Procurement and competition and the NHS White Paper

In our series on the NHS White Paper, we have covered a number of the key legislative proposals for a Health and Care Bill outlined in the Department of Health and Social Care’s Integration and Innovation: working together to improve health and social care for all. In this latest post, we consider the proposals on procurement and competition.

Changing the procurement processes

The White Paper seeks to enable NHS and local authorities to arrange healthcare services and avoid “needless bureaucracy” while retaining core duties to ensure quality and value. This commitment is not new: it formed part of the Government’s Busting bureaucracy document published in November 2020 to make procurement rules more flexible.

What is changing ?

Proposals will remove the current procurement rules which apply to NHS and public health commissioners when arranging healthcare services. The White Paper explains that the proposals will give commissioners “more discretion” over when to use procurement processes to arrange services than at present but that where competitive processes can add value they should continue. So commissioners will have flexibility over when they choose to run a competitive tender.

How?

The current NHS (Procurement, Patient Choice and Competition) (No.2) Regulations 2013 sometimes referred to as the section 75 arrangements under the Health and Social Care Act 2012 will be revoked and the Public Contracts Regulations 2015 amended to remove healthcare and public health services from their scope. The current system will be replaced by a new provider selection regime which will provide the framework for NHS bodies and local authorities to follow when deciding who should provide healthcare services, currently being consulted on.

On the issue of patient choice under this new provider selection regime, bodies that arrange NHS services as the decision makers will be required to protect, promote and facilitate patient choice with respect to services or treatment. The White Paper explains that the process for any qualified provider (AQP) arrangements will bolstered.

But what about the role of the voluntary and independent sector ?

The White Paper states that “…there will continue to be an important role for voluntary and independent sector providers, but we want to ensure that, where there is no value in running a competitive procurement process, services can be arranged with the most appropriate provider.”

But as Nigel Edwards of the Nuffield Trust explains in a recent article (paywall), there can be a number of "unintended consequences" of changing procurement processes “…the upside of reduced bureaucracy could be overstated. There is a danger that an overly cosy approach could prevail that favours incumbents and excludes the voluntary sector or innovative external providers – whether from the NHS or the independent sector.”

The new model of procurement does need to ensure the appropriate checks and balances to mitigate the risks of contracts simply being handed out to incumbent providers, particularly when commissioners are pressed for time to ensure continuity of services to patients. Further, any new approach must ensure diversity of provision ranging from the voluntary to the independent sector.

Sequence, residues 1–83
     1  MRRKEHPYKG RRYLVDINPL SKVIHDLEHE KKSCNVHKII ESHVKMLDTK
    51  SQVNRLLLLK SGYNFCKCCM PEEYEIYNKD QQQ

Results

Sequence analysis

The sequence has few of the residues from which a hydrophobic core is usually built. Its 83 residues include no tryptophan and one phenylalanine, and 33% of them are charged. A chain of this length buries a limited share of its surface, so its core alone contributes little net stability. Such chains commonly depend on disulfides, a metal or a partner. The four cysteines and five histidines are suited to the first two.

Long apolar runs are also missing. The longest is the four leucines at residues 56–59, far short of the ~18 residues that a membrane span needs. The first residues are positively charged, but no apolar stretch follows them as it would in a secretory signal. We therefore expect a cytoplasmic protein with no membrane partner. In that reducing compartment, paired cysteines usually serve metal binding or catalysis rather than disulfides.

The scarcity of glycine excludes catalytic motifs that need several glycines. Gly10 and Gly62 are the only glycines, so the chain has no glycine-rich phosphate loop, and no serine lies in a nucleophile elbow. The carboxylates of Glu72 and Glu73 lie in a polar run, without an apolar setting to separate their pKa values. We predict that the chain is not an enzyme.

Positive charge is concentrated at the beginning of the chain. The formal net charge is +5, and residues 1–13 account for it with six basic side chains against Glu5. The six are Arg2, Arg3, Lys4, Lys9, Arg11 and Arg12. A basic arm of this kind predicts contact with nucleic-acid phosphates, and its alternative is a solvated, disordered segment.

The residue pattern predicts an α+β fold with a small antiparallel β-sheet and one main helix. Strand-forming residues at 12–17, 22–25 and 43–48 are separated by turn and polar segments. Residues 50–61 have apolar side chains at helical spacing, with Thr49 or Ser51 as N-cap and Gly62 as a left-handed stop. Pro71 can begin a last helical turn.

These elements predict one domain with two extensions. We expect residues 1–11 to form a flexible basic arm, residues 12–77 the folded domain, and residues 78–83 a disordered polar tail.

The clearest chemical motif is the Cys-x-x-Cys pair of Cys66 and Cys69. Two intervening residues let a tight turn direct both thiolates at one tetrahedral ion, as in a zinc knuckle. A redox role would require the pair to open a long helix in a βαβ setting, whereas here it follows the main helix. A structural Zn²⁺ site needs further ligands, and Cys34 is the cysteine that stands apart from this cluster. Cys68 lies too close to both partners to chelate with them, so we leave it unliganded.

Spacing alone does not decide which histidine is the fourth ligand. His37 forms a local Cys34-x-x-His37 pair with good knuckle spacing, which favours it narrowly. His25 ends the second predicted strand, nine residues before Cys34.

Lastly, the proposals make clear that the changes will only apply to healthcare services – such that, the procurement of non-clinical services, such as professional services or clinical consumables, will remain within the scope of existing procurement rules which are themselves under consultation.

Competition

The White Paper paves the way for the NHS to organise itself without the involvement of the Competition and Markets Authority. The focus has changed to one of collaboration – and a move away from competition as the driving tool for service improvement, which has in some cases “hindered” integration between providers.

Three key proposals are set out:

  • Remove CMA function to review NHS foundation trust mergers. But the CMA’s jurisdiction in relation to transactions involving non-NHS bodies (eg. between an NHS Trust/FT and private enterprise) and other health matters (eg. drug pricing) would be unchanged.
  • Remove NHS Improvement’s specific competition functions and its general duty to prevent anti-competitive behaviour.
  • Remove the need for NHS England to refer contested licence conditions or National Tariff provisions to the CMA.

The other change is that NHS England’s main role will be to support improvements in health outcomes, the quality of care and the use of NHS resources.

Observations

Our early thoughts are that a reduced focus on competition will be welcomed, including the CMA’s role in merger control.

Issues around supporting patient choice look to form part of NHS England’s role – and form part of the wider package of reforms.

It will interesting to see to what extent NHS providers will be subject to competition law in respect of a provider’s elective care for example.

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